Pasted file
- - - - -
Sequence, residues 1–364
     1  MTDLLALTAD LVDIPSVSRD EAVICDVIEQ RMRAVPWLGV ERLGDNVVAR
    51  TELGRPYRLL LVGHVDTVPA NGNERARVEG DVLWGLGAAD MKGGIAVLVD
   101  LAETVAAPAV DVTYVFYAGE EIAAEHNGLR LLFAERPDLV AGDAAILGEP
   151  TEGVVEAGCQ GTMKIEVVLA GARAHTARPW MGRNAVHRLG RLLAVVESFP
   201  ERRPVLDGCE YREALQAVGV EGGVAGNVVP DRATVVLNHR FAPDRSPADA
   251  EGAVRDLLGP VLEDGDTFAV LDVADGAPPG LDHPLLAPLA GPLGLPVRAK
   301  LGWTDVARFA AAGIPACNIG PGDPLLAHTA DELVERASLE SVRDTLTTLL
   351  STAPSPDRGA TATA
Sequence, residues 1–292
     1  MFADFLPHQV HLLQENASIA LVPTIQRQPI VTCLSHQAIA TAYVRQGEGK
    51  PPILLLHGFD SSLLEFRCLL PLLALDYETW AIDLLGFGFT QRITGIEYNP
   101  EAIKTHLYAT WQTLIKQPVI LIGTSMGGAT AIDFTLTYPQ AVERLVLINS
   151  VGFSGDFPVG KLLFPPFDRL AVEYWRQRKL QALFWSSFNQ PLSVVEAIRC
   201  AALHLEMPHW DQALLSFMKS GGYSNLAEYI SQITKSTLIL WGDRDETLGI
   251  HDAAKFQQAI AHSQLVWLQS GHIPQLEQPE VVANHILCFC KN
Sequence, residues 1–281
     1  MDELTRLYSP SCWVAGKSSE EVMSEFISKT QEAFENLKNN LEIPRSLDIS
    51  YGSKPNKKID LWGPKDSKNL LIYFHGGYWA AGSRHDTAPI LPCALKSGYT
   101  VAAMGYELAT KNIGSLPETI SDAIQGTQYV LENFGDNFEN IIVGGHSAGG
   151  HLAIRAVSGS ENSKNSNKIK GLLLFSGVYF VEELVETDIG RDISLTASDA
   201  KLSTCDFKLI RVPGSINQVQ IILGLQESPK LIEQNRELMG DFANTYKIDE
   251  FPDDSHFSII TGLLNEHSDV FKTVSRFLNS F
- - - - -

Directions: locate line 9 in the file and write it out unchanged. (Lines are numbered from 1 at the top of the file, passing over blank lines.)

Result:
   351  STAPSPDRGA TATA